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George Saenz, the Bankrate.com Tax Talk columnist Reporting foreign property gift

Dear Tax Talk,
I know that gifts over $100,000 from foreign nationals need to be reported to the Internal Revenue Service, but no tax is due. What if the donation is in the form of real estate? My parents want to give me a house in Eastern Europe. I'm aware of the local tax implications but not clear if I owe any tax to the U.S. when I receive the gift or in the future, in case I sell the house. Thanks.
-- Stefan

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Dear Stefan,
Form 3520 is used to report the receipt of gifts and bequests, among other things, from foreign persons. Gifts and bequests that exceed $100,000 in value (either cash or property) from foreign individuals need to be disclosed. However, no federal income tax is due on the gift. Instead a disclosure needs to be made that will provide you with a defense later on in the event the IRS wants to reclassify your gift as income.

What has happened in the past is that some individuals coming to live in the U.S. from abroad have made the claim that amounts they receive from overseas are gifts and therefore not taxable income. Because previously these gifts were not reportable, the IRS had no notice of what was going on unless they came in to examine those taxpayers. The disclosure puts IRS on notice that a taxpayer may be disguising income as foreign gifts. Because this does not sound like your case, you should not have any fear in making the appropriate disclosures. If you fail to report the gift, the IRS may preclude you later from raising that defense as a basis for excluding the property from income.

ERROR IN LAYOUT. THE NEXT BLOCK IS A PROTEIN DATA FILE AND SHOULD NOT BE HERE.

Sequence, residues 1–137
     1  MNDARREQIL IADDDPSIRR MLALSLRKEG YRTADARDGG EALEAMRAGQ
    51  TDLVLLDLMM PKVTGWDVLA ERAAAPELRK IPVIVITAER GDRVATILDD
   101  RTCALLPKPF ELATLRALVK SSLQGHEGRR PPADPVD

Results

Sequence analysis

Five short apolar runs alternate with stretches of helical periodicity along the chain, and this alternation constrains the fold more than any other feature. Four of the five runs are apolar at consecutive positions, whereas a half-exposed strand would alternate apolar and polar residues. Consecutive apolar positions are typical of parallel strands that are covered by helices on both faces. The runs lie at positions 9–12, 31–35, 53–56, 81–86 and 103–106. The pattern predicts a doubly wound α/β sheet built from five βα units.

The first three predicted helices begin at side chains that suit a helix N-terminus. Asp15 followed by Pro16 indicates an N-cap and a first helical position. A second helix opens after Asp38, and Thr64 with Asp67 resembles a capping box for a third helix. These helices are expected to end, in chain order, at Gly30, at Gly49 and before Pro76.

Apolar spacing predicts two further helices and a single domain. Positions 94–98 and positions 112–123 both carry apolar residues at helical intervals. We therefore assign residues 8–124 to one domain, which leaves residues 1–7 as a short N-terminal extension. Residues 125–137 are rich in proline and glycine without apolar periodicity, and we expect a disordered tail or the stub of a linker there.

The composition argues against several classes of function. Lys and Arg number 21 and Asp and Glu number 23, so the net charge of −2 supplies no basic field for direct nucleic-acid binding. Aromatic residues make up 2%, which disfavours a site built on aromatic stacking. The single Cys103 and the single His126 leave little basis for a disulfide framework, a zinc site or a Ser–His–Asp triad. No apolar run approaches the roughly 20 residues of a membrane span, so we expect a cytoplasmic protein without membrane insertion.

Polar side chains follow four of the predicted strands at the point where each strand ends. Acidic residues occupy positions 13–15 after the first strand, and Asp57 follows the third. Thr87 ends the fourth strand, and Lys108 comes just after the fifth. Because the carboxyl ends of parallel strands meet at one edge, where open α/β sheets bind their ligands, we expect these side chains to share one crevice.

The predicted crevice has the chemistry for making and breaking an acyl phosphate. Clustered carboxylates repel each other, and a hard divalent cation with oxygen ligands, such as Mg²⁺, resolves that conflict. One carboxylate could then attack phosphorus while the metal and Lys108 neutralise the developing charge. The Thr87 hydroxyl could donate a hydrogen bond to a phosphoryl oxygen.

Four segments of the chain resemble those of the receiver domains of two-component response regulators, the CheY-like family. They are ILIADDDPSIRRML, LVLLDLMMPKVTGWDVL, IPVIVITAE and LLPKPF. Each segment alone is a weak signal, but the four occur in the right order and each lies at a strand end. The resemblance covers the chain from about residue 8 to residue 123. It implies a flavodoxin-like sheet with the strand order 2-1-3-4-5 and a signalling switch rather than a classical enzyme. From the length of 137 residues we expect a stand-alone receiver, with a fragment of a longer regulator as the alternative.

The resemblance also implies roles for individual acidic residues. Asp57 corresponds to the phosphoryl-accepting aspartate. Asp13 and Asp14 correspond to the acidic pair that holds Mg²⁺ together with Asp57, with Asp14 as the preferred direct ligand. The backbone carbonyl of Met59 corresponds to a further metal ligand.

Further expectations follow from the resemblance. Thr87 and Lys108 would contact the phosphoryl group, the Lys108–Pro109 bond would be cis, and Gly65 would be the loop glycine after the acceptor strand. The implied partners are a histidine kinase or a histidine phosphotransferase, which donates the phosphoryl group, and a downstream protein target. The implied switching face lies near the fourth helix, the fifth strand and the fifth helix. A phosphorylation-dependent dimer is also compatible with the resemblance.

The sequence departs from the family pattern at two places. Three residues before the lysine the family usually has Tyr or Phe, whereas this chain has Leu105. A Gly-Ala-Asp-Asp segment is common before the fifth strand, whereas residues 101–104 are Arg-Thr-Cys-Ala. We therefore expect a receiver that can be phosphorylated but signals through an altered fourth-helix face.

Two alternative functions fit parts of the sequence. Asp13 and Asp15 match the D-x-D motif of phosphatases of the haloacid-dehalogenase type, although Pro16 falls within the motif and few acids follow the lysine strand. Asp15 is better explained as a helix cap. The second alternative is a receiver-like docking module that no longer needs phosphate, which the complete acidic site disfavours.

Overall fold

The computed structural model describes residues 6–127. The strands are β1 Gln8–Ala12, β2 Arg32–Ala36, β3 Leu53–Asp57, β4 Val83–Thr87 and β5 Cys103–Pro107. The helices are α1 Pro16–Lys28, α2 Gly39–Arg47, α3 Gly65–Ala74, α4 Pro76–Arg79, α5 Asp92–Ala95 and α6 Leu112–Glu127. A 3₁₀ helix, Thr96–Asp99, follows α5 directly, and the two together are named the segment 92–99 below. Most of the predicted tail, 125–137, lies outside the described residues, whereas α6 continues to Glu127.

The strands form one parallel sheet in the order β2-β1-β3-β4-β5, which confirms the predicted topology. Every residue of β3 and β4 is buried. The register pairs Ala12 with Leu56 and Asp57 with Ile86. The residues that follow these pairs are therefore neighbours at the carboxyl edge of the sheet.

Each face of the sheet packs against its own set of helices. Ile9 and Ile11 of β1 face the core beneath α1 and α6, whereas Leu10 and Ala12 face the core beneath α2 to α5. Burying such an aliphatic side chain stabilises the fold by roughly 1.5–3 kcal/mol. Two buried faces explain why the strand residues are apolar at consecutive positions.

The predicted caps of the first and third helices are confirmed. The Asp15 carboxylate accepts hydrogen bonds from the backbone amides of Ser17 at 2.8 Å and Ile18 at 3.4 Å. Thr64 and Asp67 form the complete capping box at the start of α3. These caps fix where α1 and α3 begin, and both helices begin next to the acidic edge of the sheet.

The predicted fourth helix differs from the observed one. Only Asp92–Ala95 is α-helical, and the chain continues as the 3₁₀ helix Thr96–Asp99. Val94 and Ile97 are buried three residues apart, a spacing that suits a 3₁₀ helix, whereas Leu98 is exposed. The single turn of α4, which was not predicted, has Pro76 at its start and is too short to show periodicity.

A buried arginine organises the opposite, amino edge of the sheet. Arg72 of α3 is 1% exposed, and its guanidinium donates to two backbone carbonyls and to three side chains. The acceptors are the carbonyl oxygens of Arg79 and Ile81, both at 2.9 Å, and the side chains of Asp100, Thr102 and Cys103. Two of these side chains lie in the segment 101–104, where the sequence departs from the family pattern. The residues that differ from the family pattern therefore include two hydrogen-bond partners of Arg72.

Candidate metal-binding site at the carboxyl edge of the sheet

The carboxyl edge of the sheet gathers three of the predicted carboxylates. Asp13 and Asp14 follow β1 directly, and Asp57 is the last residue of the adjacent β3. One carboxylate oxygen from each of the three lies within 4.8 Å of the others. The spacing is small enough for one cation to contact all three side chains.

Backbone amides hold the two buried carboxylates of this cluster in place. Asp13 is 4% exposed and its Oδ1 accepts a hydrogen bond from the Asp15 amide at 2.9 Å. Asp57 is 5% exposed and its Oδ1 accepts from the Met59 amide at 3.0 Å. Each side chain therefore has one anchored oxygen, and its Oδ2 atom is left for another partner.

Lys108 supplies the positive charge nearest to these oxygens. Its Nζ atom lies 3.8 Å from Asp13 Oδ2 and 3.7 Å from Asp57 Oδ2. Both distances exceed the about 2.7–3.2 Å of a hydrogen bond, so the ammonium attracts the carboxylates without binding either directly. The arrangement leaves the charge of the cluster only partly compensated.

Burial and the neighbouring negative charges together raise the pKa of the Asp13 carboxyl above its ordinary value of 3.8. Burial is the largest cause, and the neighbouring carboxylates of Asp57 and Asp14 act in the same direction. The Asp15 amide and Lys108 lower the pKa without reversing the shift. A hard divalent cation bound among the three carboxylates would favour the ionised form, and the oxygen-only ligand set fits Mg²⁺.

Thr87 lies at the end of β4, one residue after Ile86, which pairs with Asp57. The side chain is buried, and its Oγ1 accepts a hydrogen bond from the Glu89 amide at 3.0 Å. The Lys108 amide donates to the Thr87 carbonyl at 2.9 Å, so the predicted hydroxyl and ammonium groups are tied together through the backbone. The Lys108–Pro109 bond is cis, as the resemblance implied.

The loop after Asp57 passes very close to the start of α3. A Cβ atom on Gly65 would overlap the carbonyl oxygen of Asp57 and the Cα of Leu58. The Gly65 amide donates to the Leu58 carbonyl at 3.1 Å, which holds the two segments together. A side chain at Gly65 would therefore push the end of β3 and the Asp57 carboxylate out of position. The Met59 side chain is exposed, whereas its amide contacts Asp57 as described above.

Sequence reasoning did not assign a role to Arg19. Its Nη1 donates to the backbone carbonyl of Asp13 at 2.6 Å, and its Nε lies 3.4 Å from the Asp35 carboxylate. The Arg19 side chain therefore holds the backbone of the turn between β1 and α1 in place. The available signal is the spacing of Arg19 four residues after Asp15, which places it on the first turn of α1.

When you look at the form, it is very confusing as it starts out dealing with foreign trusts. After completing the identifying information on Page 1 Line 1, you need to move to Page 6 for foreign gifts. Form 3520 is due by the due date of your individual return and should be mailed separately to the IRS Center in Ogden, Utah.

If you later sell the house, remember that your cost basis is the cost paid by your parents. You use the exchange rate in effect at the time of their original purchase to determine the dollar cost basis. All that gain from the date they bought it until the date you sell it becomes U.S. taxable capital gain when you sell it. If your thoughts are to sell the property prior to otherwise inheriting it, then perhaps it would be better if your parents keep the property for now and sell it when the time is right. They can give you the cash without consequences to you and as foreigners they would not be subject to U.S. taxes on the sale or gift.

Bankrate.com's corrections policy-- Posted: May 2, 2007
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